5 Things We’re Reading on Health Care Access

This week's reads on health care access include updates on ACA enrollment, what's happening with the Children’s Health Insurance Program and a “spillover effect” in the benefits of health coverage.

Why one man opened a health education center in a barber shop

African-American men often face difficulties getting access to the health care  they need. One man in Wisconsin decided to change that, and opened a free health center for men inside his local barber shop. See Aaron Perry’s story on Megyn Kelly Today.

3.6 million Americans enrolled in ACA plans so far

About five weeks through the open enrollment period, roughly 3.6 million people had signed up for Affordable Care Act health insurance plans for 2018 coverage. That includes 2.6 million people renewing plans and about 990,000 new sign-ups. The pace of enrollment has been faster this year than in 2016, but the enrollment window is much shorter this time. Read more from Axios.

Important note: Open enrollment runs through Dec. 15!

With no CHIP reauthorization, thousands of kids could lose health coverage

The Children’s Health Insurance Program (CHIP) provides health insurance to millions of children in the U.S., but Congress has yet to reauthorize the program, which expired the end of September. Now, several states are poised to run out of CHIP funding in January, which would leave thousands of kids without health coverage. ABC News breaks down the problem.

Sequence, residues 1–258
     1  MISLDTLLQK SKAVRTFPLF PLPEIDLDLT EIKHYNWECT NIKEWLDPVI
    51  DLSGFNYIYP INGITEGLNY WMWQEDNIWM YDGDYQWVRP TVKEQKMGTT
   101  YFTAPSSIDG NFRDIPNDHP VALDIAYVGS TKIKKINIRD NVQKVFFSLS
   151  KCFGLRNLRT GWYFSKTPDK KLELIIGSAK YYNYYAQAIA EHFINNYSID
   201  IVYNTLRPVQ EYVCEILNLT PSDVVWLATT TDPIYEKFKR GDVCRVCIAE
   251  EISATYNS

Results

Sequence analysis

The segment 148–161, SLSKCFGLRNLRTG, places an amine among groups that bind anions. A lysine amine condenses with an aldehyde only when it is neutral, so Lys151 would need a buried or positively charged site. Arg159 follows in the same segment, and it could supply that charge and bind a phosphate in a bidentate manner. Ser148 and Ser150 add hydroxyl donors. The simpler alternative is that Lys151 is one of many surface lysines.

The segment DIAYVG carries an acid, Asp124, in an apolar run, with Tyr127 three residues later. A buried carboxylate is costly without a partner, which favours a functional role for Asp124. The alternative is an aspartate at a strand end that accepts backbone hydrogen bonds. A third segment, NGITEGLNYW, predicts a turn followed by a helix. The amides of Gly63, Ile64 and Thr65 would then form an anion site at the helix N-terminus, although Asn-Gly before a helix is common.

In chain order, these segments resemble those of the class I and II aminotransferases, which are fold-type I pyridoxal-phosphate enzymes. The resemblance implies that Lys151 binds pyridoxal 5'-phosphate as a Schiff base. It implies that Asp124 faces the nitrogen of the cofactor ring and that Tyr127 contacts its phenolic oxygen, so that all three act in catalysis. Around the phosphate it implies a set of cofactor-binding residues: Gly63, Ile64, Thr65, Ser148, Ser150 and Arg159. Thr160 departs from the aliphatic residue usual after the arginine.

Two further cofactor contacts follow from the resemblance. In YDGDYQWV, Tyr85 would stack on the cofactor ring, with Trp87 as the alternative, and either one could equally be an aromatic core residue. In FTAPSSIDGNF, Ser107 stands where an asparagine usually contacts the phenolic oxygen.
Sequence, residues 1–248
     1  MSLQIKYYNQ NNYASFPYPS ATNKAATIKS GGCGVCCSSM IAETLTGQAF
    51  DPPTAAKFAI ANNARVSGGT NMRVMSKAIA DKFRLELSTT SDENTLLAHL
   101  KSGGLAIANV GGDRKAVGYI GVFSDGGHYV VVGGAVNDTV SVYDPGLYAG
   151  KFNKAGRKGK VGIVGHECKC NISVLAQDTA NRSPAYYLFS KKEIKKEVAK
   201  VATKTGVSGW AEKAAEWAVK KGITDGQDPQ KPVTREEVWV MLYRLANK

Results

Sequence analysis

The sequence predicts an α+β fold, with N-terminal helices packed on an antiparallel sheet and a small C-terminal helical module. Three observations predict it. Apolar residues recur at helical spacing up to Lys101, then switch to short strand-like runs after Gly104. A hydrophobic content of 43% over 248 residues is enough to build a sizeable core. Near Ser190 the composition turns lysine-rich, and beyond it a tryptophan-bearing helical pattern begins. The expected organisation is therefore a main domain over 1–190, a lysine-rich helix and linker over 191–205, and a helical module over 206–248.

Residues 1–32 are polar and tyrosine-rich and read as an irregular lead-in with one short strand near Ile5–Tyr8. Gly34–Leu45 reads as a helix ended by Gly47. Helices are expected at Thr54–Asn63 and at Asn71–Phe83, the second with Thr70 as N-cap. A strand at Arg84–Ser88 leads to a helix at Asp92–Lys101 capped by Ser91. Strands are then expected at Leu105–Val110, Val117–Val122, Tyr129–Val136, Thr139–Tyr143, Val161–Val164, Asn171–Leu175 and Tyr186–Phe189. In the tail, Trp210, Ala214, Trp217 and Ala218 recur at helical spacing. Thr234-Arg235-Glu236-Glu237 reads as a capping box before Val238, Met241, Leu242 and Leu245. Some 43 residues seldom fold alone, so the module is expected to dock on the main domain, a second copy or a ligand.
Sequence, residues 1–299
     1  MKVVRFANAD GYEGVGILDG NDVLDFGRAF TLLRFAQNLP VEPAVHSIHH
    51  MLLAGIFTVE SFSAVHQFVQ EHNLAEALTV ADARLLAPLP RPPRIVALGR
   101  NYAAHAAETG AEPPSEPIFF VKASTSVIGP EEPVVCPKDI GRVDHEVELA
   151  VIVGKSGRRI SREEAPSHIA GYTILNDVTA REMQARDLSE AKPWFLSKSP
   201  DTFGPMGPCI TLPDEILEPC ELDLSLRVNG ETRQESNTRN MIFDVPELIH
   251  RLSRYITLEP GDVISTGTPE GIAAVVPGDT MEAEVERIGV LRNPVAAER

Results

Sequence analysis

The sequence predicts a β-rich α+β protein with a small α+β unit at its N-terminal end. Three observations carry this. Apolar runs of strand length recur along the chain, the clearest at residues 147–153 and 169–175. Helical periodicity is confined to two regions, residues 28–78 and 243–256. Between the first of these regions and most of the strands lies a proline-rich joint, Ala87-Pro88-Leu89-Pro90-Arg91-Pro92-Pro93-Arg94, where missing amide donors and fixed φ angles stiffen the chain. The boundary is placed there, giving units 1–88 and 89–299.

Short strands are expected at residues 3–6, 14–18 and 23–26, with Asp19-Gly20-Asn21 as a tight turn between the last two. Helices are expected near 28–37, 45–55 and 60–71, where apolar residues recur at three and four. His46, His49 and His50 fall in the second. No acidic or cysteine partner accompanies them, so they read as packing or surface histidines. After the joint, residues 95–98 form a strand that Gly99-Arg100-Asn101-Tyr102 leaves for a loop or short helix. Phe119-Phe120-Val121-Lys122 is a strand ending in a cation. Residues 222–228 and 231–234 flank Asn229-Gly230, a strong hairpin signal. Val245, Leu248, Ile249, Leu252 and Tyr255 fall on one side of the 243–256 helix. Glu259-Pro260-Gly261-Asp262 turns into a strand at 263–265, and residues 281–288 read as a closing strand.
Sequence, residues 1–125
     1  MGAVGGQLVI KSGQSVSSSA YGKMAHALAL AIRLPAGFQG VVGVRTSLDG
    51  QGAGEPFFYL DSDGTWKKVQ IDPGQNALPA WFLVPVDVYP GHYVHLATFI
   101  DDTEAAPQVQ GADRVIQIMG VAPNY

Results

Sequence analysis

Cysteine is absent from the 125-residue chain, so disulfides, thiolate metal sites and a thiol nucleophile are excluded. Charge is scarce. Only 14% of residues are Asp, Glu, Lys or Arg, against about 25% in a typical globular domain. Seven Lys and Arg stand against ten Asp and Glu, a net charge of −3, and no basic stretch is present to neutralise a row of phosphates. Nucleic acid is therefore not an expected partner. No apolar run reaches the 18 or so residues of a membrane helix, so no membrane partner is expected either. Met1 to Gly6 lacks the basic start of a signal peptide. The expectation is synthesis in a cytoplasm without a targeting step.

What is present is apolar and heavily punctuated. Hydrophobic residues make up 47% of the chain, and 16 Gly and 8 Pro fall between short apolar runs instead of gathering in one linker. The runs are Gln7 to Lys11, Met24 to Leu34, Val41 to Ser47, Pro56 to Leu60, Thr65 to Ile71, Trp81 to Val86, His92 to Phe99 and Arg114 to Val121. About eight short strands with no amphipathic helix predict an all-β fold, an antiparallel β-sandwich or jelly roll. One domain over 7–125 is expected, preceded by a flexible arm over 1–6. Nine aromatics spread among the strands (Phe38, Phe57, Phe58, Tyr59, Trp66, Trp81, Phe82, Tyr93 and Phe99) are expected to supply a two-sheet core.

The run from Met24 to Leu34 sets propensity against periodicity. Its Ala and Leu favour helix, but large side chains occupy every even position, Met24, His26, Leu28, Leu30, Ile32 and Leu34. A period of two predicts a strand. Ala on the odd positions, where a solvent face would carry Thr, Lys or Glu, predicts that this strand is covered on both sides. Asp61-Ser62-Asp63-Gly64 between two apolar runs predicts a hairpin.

The ‘spillover effect’ of health care coverage

When poor children’s parents are enrolled in Medicaid, the kids are more likely to receive preventive care, even if the kids themselves have no insurance, according to a new study in Pediatrics. Reuters Health provides more insight.

Mental health service coverage lags; who’s to blame?

Patients are four to six times more likely to pay out-of-pocket for behavioral care than they are for medical or surgical care, a report published by Milliman Inc., found. America’s Health Insurance Plans noted in response that some behavioral health specialists “opt not to participate in contracts with providers simply because they prefer to see patients who are able to pay out of their pocket and may not have the kind of severe needs that other patients have.” Read the full story from Kaiser Health News.


Collaborating to Take on the Rural Health Crisis

Video: A Teammate to Help Care for Fragile Children

Boosting Health Literacy by Cutting Complexity

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health care system work better?

Interested in ways we can make the health care system work better?